Have you thought about how drastically the New Covenant alters the understanding of the 10 Commandments?
In our Wineskins study, our family recently reviewed the long version of the first three (so far) of those holy commands carved into stone by the finger of God. Previously we had considered the difference in purpose in why those commands were imposed in the first place, but this time we are taking them one at a time, comparing how the detail wording coincides with the revelation of Christ and his transforming work upon the Cross.
Filtered by the Blood:
#1 How does the revelation of the persons of Father, Son, and Holy Spirit as the triune God mesh with how we are to understand this first command that declares that believers are to have no other gods before him? This question cuts to the core of why the first century Jews concluded that Jesus must be blaspheming in his claim of being the Son of God. As they rightly concluded, he was making himself equal with God, and that idea was not recognizable within the wording of this very first command. Nevertheless, the command remains true as stated–it is the understanding that must change.
#2 As a quote taken from Wineskins: “The irony within the NC [New Covenant] is that although idolatry violated the second commandment, it is the very thing that the gospel professes.” Consider that idolatry is about misrepresentation in devotion to God. But what happens when One shows up who perfectly represents God, who gives all glory to Him, and who claims to so transform believers by his blood-covering as to make them holy image-bearers, partial representatives, and “ye are gods”?!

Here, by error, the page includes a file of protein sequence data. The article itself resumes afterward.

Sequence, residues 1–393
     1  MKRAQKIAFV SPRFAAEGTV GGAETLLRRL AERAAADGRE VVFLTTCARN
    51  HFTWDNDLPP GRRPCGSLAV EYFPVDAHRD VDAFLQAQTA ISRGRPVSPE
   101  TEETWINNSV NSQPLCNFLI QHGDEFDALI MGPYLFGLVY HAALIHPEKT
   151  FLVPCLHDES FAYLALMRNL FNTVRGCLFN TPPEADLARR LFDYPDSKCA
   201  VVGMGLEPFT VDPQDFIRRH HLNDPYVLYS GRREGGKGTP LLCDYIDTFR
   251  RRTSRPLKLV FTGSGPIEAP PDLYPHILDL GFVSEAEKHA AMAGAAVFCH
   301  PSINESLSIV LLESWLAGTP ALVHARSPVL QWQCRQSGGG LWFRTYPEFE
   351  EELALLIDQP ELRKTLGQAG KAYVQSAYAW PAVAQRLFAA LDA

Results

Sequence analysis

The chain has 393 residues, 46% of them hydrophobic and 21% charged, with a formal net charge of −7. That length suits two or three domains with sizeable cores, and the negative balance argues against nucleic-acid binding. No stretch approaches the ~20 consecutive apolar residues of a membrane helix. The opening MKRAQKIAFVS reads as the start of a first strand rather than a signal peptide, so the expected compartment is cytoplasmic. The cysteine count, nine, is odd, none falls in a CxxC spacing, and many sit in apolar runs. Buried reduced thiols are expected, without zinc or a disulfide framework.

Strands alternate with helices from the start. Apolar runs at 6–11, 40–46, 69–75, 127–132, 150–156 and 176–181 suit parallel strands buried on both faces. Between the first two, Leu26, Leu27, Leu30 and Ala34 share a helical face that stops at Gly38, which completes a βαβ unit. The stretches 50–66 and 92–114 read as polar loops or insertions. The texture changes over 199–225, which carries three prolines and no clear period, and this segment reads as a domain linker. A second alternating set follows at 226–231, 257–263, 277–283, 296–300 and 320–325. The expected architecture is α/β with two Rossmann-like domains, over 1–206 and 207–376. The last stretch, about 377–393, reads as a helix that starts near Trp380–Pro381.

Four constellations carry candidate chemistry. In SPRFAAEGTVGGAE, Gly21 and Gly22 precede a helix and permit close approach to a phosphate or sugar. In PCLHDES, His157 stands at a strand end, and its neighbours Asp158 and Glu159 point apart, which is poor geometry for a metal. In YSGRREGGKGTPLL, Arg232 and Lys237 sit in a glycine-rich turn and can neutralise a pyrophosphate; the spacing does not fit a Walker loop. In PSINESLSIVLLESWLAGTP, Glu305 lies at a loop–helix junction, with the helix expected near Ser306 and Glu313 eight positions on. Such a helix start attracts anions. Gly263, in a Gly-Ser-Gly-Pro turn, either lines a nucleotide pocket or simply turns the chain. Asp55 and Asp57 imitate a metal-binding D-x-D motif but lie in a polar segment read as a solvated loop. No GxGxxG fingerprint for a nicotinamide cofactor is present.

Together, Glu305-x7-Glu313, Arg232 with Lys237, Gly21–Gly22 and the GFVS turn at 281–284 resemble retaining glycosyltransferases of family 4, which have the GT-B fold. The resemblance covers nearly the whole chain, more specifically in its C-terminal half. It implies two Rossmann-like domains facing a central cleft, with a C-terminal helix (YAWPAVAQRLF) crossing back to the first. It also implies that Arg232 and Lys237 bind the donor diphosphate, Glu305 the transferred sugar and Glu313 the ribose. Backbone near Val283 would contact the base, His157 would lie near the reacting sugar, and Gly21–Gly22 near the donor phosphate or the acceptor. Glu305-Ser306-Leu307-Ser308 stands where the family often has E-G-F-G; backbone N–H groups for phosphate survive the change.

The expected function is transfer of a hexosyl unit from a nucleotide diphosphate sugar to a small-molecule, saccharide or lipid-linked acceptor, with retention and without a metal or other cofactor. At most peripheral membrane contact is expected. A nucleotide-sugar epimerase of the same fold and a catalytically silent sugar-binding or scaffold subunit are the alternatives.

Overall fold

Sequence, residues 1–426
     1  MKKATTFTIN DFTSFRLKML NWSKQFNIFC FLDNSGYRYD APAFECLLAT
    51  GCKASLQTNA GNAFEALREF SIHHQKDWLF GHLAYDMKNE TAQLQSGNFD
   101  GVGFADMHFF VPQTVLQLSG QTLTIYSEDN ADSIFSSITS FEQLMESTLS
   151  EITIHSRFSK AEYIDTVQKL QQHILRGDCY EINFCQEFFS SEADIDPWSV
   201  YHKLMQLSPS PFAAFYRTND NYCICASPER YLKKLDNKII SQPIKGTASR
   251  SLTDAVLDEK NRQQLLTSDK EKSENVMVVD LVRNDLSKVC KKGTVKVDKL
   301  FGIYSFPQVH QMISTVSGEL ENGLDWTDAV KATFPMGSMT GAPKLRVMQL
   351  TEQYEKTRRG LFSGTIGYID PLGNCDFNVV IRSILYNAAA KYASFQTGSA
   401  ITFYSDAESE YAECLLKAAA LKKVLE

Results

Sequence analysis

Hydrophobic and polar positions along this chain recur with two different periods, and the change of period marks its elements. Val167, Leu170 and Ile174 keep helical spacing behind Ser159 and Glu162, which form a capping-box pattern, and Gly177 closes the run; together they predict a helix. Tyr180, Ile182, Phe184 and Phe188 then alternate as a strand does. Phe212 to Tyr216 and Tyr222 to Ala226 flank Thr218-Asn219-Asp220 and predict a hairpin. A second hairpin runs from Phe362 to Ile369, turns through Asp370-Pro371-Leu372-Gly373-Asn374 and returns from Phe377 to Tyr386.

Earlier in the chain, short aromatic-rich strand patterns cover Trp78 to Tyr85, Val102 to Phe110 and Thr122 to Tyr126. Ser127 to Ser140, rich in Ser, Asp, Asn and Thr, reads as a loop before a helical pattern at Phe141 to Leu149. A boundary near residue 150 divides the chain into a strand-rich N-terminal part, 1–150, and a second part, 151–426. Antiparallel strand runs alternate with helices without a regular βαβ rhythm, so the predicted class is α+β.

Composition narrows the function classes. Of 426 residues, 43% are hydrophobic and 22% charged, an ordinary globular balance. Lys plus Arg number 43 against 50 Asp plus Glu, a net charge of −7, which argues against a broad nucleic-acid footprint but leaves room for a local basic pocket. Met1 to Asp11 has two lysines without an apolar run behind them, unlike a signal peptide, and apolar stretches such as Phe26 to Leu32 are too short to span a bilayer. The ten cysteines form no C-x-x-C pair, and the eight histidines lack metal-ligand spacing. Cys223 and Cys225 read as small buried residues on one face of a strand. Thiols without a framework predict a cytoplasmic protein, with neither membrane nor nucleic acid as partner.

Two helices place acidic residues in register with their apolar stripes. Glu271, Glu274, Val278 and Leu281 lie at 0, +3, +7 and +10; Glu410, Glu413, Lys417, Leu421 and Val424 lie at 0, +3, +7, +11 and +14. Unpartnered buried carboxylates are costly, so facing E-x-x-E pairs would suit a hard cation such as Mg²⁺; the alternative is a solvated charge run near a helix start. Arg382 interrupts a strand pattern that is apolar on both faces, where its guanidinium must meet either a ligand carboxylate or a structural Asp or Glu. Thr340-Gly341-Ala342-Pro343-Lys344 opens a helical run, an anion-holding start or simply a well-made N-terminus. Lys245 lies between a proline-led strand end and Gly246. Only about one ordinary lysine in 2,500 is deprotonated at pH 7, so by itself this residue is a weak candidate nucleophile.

#3 If God declares in this command that blasphemy against God can never be forgiven, why is it that Jesus makes a distinction in reiterating this unpardonable sin when directed against the Holy Spirit, but not universally against himself? How is it that this command applies selectively within the Trinity?
Not only has the purpose of the Ten Commandments changed for Christians, but so has the understanding of what eternal principles are to be retained. Those who submit themselves to the alterations imposed by Jesus, demonstrate their acceptance of his Lordship over their lives. Those who persist in upholding the original purposes and traditional meanings reveal their preference for the Law over the Lawgiver, and that is why Scripture declares that until they profess “blessed is he who comes in the name of the Lord” they will not see him again.
So that in all things, even over how we are to relate to the Law, Jesus might have the supremacy!
How can you see Jesus fulfillment with these first three commands? How do the underlying principles continue today?